Q:  How can you prevent a holiday disaster?

 A:  Spend time on a bit of pre-preparation using the Tips below.  They will definitely help to head-off the potential for stress and dis-harmony:  

  1. Going away with other adults (yes – that does include your Partner)? If so, have specific conversations before you go about what you each want and need from the holiday. Include how you will manage everyone’s expectations and why that’s important;

  2. Plan together how you are each going to get plenty of what you want and need whilst you are away. Can you divide up the days that you and your partner will take responsibility for entertaining the kids and making sure they are fed and watered? Doing so will mean that you both get time off and can take your eye off the ball without needing to worry. Agree that some days you will spend the day at the beach (or wherever) together as a family but other days you might be doing some things separately;

  3. Have a word with yourself so that you can properly benefit from your time off! Decide that you will switch off when it’s your designated turn to do just that, to treat yourself kindly and take full advantage of someone else being in charge of your children. Decide that you absolutely won’t judge their culinary skills or food-purchase choices and that if your 3-year-old ends up wearing his 8-year old sister’s T shirt, it really doesn’t matter. Getting wound up is going to cancel out the benefit;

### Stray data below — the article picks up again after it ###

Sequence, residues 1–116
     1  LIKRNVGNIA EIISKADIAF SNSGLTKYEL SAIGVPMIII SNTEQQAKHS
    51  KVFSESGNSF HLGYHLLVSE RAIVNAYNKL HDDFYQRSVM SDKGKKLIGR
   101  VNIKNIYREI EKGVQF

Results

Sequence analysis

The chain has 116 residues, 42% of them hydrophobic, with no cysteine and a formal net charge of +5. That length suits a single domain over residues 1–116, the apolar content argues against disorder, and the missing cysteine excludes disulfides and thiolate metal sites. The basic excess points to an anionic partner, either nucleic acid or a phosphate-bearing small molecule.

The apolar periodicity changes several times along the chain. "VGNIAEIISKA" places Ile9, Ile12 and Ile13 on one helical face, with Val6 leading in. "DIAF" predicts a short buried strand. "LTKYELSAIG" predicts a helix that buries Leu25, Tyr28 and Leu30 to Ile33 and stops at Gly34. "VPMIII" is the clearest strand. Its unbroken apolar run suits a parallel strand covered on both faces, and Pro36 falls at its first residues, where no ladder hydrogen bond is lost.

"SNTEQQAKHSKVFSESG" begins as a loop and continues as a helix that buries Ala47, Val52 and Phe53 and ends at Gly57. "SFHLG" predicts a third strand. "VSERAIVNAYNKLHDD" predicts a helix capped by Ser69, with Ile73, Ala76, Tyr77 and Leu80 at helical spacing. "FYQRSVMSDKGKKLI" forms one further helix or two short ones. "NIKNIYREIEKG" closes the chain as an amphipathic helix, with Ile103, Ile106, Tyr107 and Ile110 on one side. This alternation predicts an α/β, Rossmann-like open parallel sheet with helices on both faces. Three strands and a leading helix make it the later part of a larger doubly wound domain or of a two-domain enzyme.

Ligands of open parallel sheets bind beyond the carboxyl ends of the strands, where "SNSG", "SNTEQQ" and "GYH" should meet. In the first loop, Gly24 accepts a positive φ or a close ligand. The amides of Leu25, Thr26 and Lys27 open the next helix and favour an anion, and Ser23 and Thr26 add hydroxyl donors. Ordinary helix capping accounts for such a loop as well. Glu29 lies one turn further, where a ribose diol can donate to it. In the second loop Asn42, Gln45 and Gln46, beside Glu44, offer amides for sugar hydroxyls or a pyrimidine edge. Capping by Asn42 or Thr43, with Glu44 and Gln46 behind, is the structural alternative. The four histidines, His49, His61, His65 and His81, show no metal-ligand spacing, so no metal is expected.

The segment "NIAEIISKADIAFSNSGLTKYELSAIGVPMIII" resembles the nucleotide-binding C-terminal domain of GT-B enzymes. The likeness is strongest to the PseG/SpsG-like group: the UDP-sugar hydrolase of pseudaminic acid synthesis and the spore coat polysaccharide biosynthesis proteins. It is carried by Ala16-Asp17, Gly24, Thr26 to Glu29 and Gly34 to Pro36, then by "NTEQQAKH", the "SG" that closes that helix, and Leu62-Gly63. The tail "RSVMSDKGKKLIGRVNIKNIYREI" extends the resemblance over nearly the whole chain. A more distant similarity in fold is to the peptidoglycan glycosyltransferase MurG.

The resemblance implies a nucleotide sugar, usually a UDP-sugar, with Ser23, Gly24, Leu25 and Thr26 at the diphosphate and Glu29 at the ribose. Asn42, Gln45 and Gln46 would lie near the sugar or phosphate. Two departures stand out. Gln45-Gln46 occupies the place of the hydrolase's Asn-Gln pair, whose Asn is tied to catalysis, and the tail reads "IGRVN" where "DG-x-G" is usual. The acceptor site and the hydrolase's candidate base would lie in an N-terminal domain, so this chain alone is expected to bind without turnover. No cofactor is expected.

4. Have conversations with the kids as well if they are old enough. Find ways to help them understand that you all need a rest and a change of routine, including the grown-ups. If it’s an option, talk about the holiday clubs and when they might go. Let them know that what they enjoy and want to do will be planned in to the holiday too but that applies to everyone, not just them;

  5. This is the important bit: Discuss and agree a deal between you all (yes really!) around how things are going to work whilst you are away and what’s going to be happening. Be specific and write down the details of what is agreed so everyone knows and clearly understands it. It’s not about planning every hour of your holiday in advance (however much that might please the control-freaks amongst us!) but about setting out a plan so everyone can “see” themselves and what they want somewhere in the agreement and in a fair way. It might need compromise, but it will be worth it;